The first day of the new music festival in the far north highlighted Drake’s influence on Iceland, but it was two veterans who really entertained
What Rolling Stone calls the “hippest long weekend on the annual music-festival calendar” starts in a toilet. Specifically, a converted former public convenience, one level below ground on Bankastraeti 2 in Reykjavik, at the Icelandic Museum of Punk, a tiny collection of narrow corridors and antechambers smothered in punk paraphernalia. Iceland has a proud punk tradition and a history of resistance that leads all the way up to the current Pirate party – Björk, the country’s most famous daughter (sorry, dóttir), started out in an all-female outfit called Spit and Snot – but this is a more neatly codified presentation of the unruly form, with its Crass badges and ever-so-anarchically daubed imagery on the walls.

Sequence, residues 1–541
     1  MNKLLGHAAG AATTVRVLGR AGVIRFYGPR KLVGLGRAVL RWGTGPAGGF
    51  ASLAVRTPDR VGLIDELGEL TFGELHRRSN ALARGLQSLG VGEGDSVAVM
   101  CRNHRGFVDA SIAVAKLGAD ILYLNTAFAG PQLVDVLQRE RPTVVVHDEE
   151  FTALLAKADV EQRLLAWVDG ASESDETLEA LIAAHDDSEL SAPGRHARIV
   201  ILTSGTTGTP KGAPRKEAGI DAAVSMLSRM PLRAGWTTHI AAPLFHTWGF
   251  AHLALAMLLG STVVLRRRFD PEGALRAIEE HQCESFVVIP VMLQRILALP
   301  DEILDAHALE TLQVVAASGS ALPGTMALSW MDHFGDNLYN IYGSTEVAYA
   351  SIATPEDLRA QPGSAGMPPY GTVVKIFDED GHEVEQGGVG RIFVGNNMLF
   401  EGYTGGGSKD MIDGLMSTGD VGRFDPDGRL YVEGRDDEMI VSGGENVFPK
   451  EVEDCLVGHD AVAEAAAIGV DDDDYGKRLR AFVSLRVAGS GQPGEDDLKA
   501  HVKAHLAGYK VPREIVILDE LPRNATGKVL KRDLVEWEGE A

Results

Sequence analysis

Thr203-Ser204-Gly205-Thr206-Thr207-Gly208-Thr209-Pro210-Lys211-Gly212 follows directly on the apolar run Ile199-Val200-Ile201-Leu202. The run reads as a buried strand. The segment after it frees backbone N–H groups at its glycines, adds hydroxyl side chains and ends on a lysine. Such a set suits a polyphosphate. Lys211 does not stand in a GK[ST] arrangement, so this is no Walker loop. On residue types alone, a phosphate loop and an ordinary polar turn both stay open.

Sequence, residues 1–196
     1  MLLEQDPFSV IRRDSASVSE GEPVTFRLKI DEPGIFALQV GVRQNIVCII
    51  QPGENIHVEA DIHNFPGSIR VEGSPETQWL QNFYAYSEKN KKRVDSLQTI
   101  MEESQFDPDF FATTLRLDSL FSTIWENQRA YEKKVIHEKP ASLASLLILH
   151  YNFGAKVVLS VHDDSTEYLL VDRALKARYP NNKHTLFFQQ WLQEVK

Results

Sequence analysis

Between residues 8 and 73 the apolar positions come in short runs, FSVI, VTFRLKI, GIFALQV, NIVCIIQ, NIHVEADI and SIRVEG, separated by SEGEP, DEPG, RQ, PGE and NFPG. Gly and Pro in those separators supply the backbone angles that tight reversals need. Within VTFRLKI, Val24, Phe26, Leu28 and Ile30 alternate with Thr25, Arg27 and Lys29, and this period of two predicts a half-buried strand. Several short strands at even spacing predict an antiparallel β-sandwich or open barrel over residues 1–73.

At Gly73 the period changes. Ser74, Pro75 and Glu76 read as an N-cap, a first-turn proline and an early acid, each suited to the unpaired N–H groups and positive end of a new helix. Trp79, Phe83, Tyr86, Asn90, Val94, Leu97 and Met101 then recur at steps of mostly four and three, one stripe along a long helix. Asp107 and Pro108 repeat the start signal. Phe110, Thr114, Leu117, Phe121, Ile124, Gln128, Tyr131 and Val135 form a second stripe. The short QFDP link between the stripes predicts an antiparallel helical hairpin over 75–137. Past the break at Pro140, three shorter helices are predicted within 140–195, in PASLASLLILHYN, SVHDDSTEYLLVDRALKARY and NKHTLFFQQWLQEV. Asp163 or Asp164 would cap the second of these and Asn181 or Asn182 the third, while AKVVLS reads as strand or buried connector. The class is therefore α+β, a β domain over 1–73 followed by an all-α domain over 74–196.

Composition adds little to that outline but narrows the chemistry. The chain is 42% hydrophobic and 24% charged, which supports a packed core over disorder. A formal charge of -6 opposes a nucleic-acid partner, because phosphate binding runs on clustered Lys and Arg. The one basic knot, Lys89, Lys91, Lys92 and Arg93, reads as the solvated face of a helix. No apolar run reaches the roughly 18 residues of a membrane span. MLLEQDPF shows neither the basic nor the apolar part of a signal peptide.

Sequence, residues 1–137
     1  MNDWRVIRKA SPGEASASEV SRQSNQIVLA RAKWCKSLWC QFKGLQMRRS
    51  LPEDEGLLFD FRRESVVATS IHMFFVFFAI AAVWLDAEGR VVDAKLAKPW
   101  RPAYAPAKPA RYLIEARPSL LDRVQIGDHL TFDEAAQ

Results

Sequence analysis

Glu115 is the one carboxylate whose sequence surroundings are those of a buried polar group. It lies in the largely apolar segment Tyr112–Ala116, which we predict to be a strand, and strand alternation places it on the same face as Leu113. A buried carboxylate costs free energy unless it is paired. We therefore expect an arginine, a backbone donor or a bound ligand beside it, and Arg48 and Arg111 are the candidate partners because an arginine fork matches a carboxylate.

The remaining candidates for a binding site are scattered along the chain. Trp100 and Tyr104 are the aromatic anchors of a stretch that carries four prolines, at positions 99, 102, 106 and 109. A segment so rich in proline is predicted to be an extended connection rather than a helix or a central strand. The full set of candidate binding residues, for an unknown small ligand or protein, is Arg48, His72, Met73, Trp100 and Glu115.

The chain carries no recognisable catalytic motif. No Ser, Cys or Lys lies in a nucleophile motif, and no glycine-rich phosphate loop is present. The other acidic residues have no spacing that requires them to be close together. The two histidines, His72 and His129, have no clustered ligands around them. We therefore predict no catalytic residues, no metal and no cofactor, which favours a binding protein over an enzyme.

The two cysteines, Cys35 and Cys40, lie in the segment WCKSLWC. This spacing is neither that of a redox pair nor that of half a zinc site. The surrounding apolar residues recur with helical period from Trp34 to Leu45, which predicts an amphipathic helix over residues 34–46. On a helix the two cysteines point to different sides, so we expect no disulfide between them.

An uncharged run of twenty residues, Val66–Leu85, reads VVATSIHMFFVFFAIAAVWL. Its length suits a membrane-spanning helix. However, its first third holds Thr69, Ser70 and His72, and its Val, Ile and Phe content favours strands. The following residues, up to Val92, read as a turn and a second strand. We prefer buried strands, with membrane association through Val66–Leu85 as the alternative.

It’s fitting, then, that one of the festival’s star turns, the former Johnny Rotten, should make an appearance here. At the top of the steps down to the loo-museum, separated from the pouring rain only by an awning, he approaches the mic in his baggy suit, cigarette in hand, ostensibly to do a reading of some sort, but actually to offer the random thoughts of Chairman Lydon to a drenched audience of, well, dozens.
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